Moderator: Julian Goresko, Director, Office of Sustainability  


  • Elsie Moore, MPH, PhD Candidate, Department of Environmental Health and Engineering  
  • Dr. Kellogg Schwab PhD, Professor, Department of Environmental Health and Engineering 
  • Kathy Szlavecz, PhD, Research Professor, Department of Earth & Planetary Sciences  
  • Marty Kajic, Senior Director of Facilities Management, Bloomberg School of Public Health 

The following panel session will take place concurrently from 4:30 – 5:30 pm. Each session will include a series short talks from panelists, a moderated roundtable discussion, and an interactive Q&A.

4:30 – 5:20 pm | Room: Barber | Zoom link  

The Environmental Justice Workshop gives students at Johns Hopkins University and other local educational institutions the chance to join the collective struggle to build equitable and sustainable urban futures in the city of Baltimore. A project of the Ecological Design Collective, this year-long community-based learning course co-taught by community organizer Shashawnda Campbell of the South Baltimore Community Land Trust and JHU anthropologist Anand Pandian has brought together over 25 graduate and undergraduate students from diverse fields in the 2022-23 academic year. This panel introduces the collaborative projects in urban environmental justice and sustainable design that the course participants have pursued over the year, including many student voices and perspectives, and showcases the work that they have produced in collaboration with community partners.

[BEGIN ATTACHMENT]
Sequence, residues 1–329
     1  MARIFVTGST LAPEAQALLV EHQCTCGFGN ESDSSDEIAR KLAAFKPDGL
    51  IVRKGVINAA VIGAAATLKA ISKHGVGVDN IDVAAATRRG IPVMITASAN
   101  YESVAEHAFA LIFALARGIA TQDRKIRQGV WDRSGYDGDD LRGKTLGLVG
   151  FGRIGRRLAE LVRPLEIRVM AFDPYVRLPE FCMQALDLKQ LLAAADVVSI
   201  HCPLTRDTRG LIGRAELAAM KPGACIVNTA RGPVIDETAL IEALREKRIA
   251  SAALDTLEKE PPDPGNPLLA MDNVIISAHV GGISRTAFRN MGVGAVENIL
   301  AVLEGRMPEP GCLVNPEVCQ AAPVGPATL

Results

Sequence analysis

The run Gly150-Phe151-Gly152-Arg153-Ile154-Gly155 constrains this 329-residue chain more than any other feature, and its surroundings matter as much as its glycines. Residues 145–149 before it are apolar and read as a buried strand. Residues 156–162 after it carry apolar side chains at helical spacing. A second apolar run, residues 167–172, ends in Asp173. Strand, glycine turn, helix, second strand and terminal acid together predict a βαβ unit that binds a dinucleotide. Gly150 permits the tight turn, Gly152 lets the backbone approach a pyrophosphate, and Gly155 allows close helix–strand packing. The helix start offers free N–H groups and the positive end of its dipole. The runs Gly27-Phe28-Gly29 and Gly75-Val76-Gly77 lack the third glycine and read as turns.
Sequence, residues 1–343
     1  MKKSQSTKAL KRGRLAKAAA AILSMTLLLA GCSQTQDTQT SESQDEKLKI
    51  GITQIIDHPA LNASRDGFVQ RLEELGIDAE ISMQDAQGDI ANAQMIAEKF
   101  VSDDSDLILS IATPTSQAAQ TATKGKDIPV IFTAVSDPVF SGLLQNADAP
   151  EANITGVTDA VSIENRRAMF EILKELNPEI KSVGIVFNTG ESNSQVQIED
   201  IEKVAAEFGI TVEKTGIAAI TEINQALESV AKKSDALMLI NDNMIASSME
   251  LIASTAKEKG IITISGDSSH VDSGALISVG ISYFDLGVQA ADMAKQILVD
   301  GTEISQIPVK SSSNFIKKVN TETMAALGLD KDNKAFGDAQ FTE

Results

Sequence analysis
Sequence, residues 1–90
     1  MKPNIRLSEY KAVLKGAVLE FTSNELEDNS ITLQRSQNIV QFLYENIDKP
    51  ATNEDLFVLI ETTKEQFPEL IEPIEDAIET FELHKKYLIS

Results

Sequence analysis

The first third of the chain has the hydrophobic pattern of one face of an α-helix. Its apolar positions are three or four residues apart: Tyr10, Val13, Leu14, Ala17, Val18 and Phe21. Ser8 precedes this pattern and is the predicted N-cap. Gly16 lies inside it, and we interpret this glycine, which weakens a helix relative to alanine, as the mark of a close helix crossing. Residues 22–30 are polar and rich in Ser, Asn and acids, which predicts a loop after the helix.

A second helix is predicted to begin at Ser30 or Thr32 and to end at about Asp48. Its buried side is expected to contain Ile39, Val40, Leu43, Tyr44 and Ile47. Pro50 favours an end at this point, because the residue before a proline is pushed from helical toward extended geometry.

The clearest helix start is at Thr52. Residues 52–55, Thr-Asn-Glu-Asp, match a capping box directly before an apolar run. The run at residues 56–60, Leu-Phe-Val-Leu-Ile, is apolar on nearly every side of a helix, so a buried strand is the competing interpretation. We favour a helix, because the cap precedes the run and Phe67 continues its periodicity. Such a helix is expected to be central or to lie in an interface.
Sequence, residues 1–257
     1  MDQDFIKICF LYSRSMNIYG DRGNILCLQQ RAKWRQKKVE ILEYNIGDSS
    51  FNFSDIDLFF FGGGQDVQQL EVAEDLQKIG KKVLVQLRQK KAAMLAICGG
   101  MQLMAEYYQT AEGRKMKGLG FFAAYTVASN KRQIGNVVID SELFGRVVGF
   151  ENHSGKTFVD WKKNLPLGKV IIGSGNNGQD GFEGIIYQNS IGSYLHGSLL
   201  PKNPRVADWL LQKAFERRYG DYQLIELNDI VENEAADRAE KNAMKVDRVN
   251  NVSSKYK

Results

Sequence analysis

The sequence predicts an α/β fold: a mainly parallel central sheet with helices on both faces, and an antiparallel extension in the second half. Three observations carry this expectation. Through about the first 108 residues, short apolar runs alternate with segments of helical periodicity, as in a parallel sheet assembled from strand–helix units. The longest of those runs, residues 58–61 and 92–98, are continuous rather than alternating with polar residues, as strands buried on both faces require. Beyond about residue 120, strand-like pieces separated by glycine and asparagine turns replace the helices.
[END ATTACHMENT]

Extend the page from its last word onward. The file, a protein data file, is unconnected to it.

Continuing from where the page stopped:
Moderator: Anand Pandian, Professor, Anthropology  


  • Anand Pandian, PhD, professor, Department of Anthropology
  • Shashawnda Campbell, Community Leader, South Baltimore Community Land Trust
  • Louisa Benatovich, student, Medicine, Science, and the Humanities
  • Arunika Bhatia, student,  Geography and Environmental Engineering
  • Angelica Brooks, student, Environmental Studies
  • Marcos Hernandez Canchola,Anthropology
  • Larkin Gallup, student, International Studies
  • Mansha Kapur, student, Physics
  • Stella Lee, student, International Studies
  • Lisa Nehring, student, Education
  • Alaa Saad, student, Anthropology
  • Carlos Sanchez, student, Ben Franklin High School
  • Dorothy Thompson, student, Environmental Health and Engineering

Research Posters & Information Fair

Throughout the day in Salon B & C the Information Fair tables and Research Posters will be on display featuring JHU sustainability research as well as information tables hosted by campus and local groups.

Explore the research posters and information fair during breakfast, lunch, and breaks, as well the designated Information Fair and Research Poster Session from 2:20 – 3:00 pm.